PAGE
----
Estradiol and progesterone concentrations

The results of eCG treatment on serum estradiol and progesterone concentrations are shown in Table 3. No interaction was found between maternal physiological state and eCG treatment in serum estradiol concentration (p=0.314) on day 15. Between nulliparous and multiparous ewes, serum estrogen concentrations were similar on day 11 (p=0.412) and day 15 (p=0.365). On day 15, a higher serum concentration of 17ß estradiol (p=0.0001) was obtained in sheep treated with eCG compared to untreated (10.43±0.42 vs. 6.24±0.25 pg mL-1). Likewise, there was no interaction between maternal physiological state and eCG treatment on serum progesterone concentration (p=0.125). Maternal physiological status did not affect serum progesterone concentration on day 11 (p=0.324) or on day 15 (p=0.434). On day 15, a higher (p=0.0001) serum progesterone concentration was found in the group of eCG treated ewes compared to those did not receive eCG (8.22±0.21 vs. 5.28±0.19 ng mL-1).


Table 3: Serum estradiol and progesterone concentrations (Mean±SEM) in Creole ewes treated with equine chorionic gonadotropin (eCG), 11 days after insemination.




n Estradiol-17β

(pg mL-1)


(ng mL-1)

Day 11 Day 15 Day 11 Day 15
Maternal physiological status
Nulliparous 20





Multiparous 20





p value   0.412 0.365 0.324 0.434
eCG 20





No eCG 20





p value   0.862 0.0001 0.116 0.0001

Within a column, different superscripts differ significantly (p ≤ 0.05). Day zero=day of artificial insemination.


The hypothesis of this study was that the administration of eCG 11 days after insemination would increase the number of large corpora lutea, the concentration of serum progesterone and improve the pregnancy and lambing rates in Creole ewes. Treatment with eCG modulates the expression of several genes in the corpus luteum that are involved in lipid biosynthesis and progesterone production (Fátima et al., 2012b). The positive effects of eCG on pregnancy are likely due to increased functionality of the corpus luteum for progesterone synthesis (Fátima et al., 2012a), which is essential for the establishment and maintenance of pregnancy (Bartolome et al., 2012; Wiltbank et al., 2012). Elevated progesterone concentrations during embryonic development are associated with improved early conceptus development, increased production of interferon tau (IFN-τ), and high pregnancy rates (Hashem et al., 2015; Lonergan and Sánchez 2020. The use of post-ovulation eCG as a luteotrophic agent could be an alternative to improve pregnancy rates in cattle (Núñez-Olivera et al., 2020).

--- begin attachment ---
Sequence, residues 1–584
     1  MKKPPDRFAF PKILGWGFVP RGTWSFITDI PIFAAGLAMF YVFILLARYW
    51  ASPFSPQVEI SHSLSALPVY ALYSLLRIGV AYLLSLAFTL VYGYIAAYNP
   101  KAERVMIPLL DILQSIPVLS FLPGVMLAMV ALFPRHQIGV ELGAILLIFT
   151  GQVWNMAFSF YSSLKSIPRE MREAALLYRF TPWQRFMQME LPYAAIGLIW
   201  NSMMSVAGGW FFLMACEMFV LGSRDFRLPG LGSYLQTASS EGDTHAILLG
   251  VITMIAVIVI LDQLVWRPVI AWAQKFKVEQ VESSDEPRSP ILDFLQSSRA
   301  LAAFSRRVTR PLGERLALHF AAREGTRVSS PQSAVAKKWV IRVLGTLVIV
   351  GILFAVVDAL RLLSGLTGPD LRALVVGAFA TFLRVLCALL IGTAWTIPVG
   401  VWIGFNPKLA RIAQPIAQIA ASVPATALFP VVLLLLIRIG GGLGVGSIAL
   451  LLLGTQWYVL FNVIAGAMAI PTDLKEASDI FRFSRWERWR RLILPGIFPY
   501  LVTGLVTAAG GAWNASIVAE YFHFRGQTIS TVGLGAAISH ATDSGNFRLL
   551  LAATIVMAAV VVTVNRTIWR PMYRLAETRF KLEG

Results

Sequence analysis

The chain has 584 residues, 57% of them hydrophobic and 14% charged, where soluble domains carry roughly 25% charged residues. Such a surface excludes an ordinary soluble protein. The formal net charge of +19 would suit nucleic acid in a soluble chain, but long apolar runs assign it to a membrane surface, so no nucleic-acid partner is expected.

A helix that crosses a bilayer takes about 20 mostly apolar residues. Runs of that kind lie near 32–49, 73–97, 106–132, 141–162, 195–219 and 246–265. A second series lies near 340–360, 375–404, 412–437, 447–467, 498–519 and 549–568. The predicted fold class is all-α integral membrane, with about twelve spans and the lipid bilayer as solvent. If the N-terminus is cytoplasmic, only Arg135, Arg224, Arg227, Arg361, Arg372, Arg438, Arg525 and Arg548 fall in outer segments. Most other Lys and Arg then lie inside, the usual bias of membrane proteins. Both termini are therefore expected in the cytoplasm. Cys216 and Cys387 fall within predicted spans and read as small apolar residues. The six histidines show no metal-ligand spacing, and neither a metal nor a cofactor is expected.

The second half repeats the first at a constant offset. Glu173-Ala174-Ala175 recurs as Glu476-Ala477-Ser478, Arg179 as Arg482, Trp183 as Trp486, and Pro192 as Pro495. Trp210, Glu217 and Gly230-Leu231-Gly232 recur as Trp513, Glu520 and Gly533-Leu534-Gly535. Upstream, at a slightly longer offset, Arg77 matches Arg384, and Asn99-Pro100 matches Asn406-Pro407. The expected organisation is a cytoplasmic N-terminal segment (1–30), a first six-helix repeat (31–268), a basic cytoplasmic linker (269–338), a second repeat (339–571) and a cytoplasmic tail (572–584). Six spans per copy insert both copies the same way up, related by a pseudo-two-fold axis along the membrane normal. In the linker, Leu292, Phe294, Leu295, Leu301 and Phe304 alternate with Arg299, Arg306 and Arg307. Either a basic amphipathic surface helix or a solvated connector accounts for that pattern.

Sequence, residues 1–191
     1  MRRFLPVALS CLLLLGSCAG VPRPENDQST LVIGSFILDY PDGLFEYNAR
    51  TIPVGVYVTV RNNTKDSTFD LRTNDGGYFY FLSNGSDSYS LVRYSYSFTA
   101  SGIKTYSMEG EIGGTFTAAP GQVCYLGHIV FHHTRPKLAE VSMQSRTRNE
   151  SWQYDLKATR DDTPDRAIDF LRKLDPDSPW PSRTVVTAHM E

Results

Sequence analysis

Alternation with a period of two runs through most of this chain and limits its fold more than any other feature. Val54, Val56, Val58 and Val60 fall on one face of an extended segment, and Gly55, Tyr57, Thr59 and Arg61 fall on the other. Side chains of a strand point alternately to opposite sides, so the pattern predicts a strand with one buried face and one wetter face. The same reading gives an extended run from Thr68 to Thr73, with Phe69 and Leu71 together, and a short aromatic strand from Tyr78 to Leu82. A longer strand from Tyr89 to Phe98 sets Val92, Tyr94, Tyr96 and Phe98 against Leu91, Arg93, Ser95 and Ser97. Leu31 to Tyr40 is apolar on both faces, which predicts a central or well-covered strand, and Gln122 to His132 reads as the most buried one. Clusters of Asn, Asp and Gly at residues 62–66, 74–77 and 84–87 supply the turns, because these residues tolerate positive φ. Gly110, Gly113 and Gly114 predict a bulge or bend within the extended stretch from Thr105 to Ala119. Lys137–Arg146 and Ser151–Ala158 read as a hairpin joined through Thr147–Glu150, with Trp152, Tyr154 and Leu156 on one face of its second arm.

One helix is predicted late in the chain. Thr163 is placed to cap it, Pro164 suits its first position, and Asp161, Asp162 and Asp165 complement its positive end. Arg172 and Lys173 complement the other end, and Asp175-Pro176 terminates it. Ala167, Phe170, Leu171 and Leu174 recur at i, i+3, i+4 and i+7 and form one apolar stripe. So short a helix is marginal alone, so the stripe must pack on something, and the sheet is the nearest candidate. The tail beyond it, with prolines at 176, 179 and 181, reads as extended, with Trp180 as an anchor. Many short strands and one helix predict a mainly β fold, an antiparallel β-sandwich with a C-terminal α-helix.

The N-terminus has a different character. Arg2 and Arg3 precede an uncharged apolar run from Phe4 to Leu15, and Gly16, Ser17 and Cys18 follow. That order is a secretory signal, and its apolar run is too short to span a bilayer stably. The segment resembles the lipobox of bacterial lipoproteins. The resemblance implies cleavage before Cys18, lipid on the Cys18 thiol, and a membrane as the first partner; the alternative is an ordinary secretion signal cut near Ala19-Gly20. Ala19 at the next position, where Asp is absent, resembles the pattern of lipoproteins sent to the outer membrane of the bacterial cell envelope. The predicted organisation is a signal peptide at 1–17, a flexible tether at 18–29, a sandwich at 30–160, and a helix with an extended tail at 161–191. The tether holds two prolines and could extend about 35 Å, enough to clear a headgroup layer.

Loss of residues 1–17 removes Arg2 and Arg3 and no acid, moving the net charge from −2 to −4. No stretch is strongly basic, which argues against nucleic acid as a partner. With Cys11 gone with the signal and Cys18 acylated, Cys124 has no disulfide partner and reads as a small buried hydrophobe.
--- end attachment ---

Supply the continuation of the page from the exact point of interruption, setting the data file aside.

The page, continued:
In the present study, the administration of eCG 11 days after insemination resulted in higher numbers of large corpora lutea and a higher concentration of serum progesterone in eCG-treated ewes compared to untreated ones 4 days after administration. These results are supported by García-Pintos and Menchaca (2016) who, when administering eCG on day 10 after insemination of the ewes, found increases the size of the corpus luteum and progesterone levels. Also the administering eCG on day 12 after mating of the ewes, increased the serum concentrations of progesterone compared to those treated with GnRH (Allam et al., 2015). Treatment with eCG on day 14 after artificial insemination at a fixed time increases the area of the corpus luteum, improving serum concentrations of progesterone in anestrous beef cows (Núñez-Olivera et al., 2018). In rabbits, the administration of eCG 7 days after insemination increased the number of corpora lutea and the serum progesterone concentration (Hashem and Aboul-ezz, 2018). This shows that increases in serum progesterone concentration are related to increases in the number of corpus luteum and improvements in luteal function (Hashem and Sallam, 2020). The greater number of large corpora lutea found in the present study is probably attributed to eCG activating luteotropic mechanisms. Consequently, the progesterone concentration would increase. The luteotrophic mechanisms of the effect of eCG after insemination in cattle are still unclear, and therefore warrant further investigation (Núñez-Olivera et al., 2018).


The administration of eCG 11 days after insemination decreased the pregnancy rate at 35 days and the lambing rate in Creole ewes in the present experiment. In other studies, the administration of eCG after insemination did not affect the pregnancy rate in ewes. When administering eCG after insemination, they found different pregnancy rates at 30 days, 35.0% (eCG 5 days), 33.3% (eCG 10 days) in crossbred ewes; 50.5% (eCG 5 days) in Merino ewes (García-Pintos and Menchaca, 2018); 46.4% with eCG 12 days post-mating in Harri ewes (Allam et al., 2015). Although these pregnancy rates are similar to the 43.3% pregnancy rate found in the eCG group, where pregnancy was reduced in the present study. In other species, the administration of eCG after insemination improves the pregnancy rate in bovines (Bartolome et al., 2012; Wecker et al., 2012; Núñez-Olivera et al., 2018) and in rabbits (Hashem and Aboul-ezz, 2018). Previous studies showed that the increase in the concentration of circulating progesterone, during the first week after ovulation, effectively stimulates the growth of the embryo and the secretion of IFN-τ, thus favoring the maintenance of pregnancy, leading to higher rates of pregnancy (O’Hara et al., 2016; Núñez-Olivera et al., 2018; Lonergan and Sánchez, 2020). On the other hand, the administration of eCG after insemination, resulted in a lower pregnancy rate in crossbred ewes than in Merino, these received different driving conditions; therefore, other factors, such as genetics and environment, could play an important role (García-Pintos and Menchaca, 2018). In the present study, there was a greater concentration of serum progesterone in the group of ewes that received eCG, however this increase was insufficient to maintain early gestation and improve the lambing rate. The positive effect of the administration of eCG after insemination on the pregnancy rate in ewes appears to be different than in cattle, likely due to the dose of eCG used, which would require adjustment; the genetic group and the management conditions also seem to influence the gestation rate.